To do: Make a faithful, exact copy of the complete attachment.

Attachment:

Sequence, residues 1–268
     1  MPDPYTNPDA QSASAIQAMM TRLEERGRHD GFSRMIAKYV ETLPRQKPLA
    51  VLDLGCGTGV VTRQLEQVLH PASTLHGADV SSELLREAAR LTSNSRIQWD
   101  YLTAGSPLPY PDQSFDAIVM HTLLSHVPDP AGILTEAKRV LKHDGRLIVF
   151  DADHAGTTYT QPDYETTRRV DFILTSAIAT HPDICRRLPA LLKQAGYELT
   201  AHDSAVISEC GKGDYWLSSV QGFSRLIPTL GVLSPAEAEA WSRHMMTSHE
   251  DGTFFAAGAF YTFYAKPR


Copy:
Sequence, residues 1–268
     1  MPDPYTNPDA QSASAIQAMM TRLEERGRHD GFSRMIAKYV ETLPRQKPLA
    51  VLDLGCGTGV VTRQLEQVLH PASTLHGADV SSELLREAAR LTSNSRIQWD
   101  YLTAGSPLPY PDQSFDAIVM HTLLSHVPDP AGILTEAKRV LKHDGRLIVF
   151  DADHAGTTYT QPDYETTRRV DFILTSAIAT HPDICRRLPA LLKQAGYELT
   201  AHDSAVISEC GKGDYWLSSV QGFSRLIPTL GVLSPAEAEA WSRHMMTSHE
   251  DGTFFAAGAF YTFYAKPR